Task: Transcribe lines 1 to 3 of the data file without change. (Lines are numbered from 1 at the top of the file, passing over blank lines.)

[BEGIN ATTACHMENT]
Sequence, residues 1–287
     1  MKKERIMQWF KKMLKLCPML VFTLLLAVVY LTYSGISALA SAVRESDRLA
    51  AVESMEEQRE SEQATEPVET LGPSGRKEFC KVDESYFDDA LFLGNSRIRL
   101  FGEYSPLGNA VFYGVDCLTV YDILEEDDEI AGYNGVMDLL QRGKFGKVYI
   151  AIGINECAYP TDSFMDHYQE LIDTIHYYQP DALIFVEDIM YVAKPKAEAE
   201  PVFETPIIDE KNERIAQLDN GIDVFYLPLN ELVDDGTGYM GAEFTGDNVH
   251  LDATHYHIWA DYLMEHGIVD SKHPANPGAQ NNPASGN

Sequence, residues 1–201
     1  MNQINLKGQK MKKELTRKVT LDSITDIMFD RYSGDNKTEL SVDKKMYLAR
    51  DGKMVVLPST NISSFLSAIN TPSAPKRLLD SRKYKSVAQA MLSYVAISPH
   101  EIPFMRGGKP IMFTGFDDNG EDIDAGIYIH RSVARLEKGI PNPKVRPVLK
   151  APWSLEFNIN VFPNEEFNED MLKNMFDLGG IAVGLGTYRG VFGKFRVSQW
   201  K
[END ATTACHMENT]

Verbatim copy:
Sequence, residues 1–287
     1  MKKERIMQWF KKMLKLCPML VFTLLLAVVY LTYSGISALA SAVRESDRLA
    51  AVESMEEQRE SEQATEPVET LGPSGRKEFC KVDESYFDDA LFLGNSRIRL